as backup. The second officer watched Munoz while Officer Krotz went back to the RV

to contact the other occupants. Defendant was sitting on the steps at the entrance of the

RV, and there was a woman sitting on the couch. Officer Krotz had them exit the RV

and sit with Munoz. He then went back to the RV to clear it of any other occupants for

officer safety reasons and to search for more narcotics or paraphernalia.

       Officer Krotz testified at the suppression hearing that he wore a body camera

while conducting this investigation, and a video recording from his body camera was

played for the court. The prosecutor asked the officer to stop the video at the point when

he first saw the meth pipe. Officer Krotz said the meth pipe was difficult to see in the

video since he wore his body cam low on his chest, but you could see his flashlight pass

over it. The prosecutor rewound the video for the court, and the officer pointed out the

part where he shined his flashlight on the center console. The officer pointed out that

there were four cupholders, saying, “there’s a cup right here and then the pipe is sticking

up out of this cup. It’s kind of facing forward towards the front of the car. You can

barely see the end of it in the video.” The prosecutor continued the video, and the officer

told him where to pause it, explaining that once the door of the RV was opened, the meth

pipe was easier to see. He said, “So you can, with the vehicle interior light on, you can

see it sticking right out of the cup holder a little bit better. . . . [¶] . . . [¶] So you can

see it just on the other side of that, the white napkin is the kind of a contrast, you see that

white, I can see it on this screen.” He pointed out the meth pipe on the video again.

       Officer Krotz then testified that because he had already recovered narcotics from

Munoz and saw paraphernalia inside the vehicle, he had probable cause to continue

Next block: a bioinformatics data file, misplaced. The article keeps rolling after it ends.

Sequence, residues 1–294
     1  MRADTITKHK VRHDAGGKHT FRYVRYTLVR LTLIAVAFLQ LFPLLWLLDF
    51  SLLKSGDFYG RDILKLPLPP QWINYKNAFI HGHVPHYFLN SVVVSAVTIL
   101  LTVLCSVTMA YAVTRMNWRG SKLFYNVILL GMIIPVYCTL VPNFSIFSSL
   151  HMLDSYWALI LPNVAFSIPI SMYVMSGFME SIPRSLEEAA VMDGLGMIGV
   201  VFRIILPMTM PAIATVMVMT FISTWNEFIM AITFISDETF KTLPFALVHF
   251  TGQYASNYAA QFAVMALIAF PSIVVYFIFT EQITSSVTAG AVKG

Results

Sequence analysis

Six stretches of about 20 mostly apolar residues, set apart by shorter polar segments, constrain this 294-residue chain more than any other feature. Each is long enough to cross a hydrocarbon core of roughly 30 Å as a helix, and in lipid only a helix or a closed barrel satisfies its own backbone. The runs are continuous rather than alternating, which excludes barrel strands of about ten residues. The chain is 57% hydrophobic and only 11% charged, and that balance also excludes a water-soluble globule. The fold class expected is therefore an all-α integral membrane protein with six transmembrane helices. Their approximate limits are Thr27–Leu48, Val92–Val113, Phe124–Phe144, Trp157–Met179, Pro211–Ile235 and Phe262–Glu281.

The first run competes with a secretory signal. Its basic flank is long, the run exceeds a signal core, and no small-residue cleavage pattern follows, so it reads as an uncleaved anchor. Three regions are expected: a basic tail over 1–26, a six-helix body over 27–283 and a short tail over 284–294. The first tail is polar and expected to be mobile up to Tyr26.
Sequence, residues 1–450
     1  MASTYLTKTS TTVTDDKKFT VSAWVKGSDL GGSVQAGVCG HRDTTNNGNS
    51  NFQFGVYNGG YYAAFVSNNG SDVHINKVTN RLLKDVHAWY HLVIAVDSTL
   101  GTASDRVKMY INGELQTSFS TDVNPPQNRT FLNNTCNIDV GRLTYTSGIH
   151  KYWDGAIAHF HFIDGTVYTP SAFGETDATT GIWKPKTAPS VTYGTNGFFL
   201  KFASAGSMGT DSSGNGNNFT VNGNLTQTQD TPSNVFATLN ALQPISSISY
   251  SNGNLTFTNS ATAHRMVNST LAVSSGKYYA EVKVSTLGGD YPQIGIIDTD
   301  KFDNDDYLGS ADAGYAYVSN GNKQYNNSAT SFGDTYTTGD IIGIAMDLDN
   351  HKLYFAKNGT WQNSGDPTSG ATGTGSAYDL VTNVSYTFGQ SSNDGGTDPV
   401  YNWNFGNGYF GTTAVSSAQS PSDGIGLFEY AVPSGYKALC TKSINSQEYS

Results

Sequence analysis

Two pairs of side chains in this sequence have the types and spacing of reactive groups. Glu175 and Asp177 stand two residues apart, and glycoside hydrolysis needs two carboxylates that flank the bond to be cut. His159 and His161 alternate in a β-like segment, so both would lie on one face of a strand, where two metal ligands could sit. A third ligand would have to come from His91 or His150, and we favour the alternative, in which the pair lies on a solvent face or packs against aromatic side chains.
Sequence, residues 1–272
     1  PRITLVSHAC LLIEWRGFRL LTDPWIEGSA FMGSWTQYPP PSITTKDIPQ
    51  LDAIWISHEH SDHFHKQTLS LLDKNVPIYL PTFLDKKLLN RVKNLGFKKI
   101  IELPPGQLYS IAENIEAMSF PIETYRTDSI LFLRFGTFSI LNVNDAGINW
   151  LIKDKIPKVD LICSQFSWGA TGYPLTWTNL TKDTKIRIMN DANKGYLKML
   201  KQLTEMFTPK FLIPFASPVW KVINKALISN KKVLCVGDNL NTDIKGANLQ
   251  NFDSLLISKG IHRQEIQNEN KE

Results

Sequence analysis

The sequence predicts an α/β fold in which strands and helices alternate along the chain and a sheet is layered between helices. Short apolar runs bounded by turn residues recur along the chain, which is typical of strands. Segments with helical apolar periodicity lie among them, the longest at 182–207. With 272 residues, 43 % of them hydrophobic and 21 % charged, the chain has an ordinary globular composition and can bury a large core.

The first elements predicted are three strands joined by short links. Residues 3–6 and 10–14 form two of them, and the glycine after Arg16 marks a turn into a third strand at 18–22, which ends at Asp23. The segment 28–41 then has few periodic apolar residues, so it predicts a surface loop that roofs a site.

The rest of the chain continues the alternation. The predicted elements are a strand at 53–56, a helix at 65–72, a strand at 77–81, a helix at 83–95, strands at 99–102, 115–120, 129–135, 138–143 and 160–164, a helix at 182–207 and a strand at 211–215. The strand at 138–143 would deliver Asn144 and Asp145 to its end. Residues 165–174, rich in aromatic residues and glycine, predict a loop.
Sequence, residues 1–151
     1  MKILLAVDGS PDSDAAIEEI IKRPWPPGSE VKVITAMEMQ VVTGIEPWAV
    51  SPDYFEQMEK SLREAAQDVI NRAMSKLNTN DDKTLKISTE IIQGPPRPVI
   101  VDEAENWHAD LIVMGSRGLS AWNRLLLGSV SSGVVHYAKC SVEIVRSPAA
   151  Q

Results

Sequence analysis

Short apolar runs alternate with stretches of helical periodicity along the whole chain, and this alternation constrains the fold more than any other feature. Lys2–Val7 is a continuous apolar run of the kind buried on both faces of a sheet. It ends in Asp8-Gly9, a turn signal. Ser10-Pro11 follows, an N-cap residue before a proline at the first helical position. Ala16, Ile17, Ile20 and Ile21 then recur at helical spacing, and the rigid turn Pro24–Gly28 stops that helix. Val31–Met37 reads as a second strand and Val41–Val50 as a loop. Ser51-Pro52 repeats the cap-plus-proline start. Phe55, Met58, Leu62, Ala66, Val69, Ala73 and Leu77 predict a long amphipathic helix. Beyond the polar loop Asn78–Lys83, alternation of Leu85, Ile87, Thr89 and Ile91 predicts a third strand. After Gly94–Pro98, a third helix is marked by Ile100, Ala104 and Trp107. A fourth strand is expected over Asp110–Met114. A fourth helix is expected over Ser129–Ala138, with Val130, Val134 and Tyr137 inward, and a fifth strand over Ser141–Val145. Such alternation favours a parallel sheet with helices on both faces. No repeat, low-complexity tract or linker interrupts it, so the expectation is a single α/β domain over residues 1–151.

searching for additional evidence of more narcotics. He went toward the back of the RV

and saw another meth pipe on the bed. He also found a box of ammunition inside a


       Officer Krotz testified that he used a ruse to see if one of the occupants of the RV

would confess to there being a gun in the RV. He confronted them about the ammunition

by saying he found a handgun and asking them who owned it. Defendant then stated that

he owned the ammunition. Officer Krotz asked if he was a convicted felon. He placed

defendant under arrest.

       On redirect examination, Officer Krotz testified that he was not lying about seeing

the meth pipe in the passenger area of the RV. He was asked whether he was using the

meth pipe as a pretext to justify a search of the RV. He said, even without the pipe, he

had probable cause based on the narcotics recovered from Munoz. He then confirmed

that he was not lying about anything.


              I. The Court Properly Denied Defendant’s Motion to Suppress

       Defendant argues the court erred when it denied his motion to suppress the

evidence of the ammunition found during the search of the RV since the search was

unlawful under the Fourth Amendment. He contends there was no probable cause to

search the RV. Specifically, he claims the officer’s bodycam video does not show a meth

pipe in the center console and argues the officer’s claim that he saw a meth pipe was a

pretext for searching the RV. We conclude that the court properly denied defendant’s


       A. Standard of Review

       “The Fourth Amendment of the federal Constitution requires state and federal

courts to exclude evidence obtained from unreasonable government searches and

seizures. [Citation.] Penal Code section 1538.5 allows a defendant to move to suppress

evidence obtained in an improper seizure. [Citation.]” (People v. Garry (2007) 


Cal. App. 4th 1100

, 1105-1106.) “As the finder of fact in a proceeding to suppress

evidence [citation], the superior court is vested with the power to judge the credibility of

the witnesses, resolve any conflicts in the testimony, weigh the evidence and draw factual

inferences in deciding whether a search is constitutionally unreasonable.

[Citation.]” (People v. Woods (1999) 

21 Cal. 4th 668

, 673 (Woods).) “The standard of

appellate review of a trial court’s ruling on a motion to suppress is well established. We

defer to the trial court’s factual findings, express or implied, where supported by

substantial evidence. In determining whether, on the facts so found, the search or seizure

was reasonable under the Fourth Amendment, we exercise our independent judgment.”

(People v. Glaser (1995) 

11 Cal. 4th 354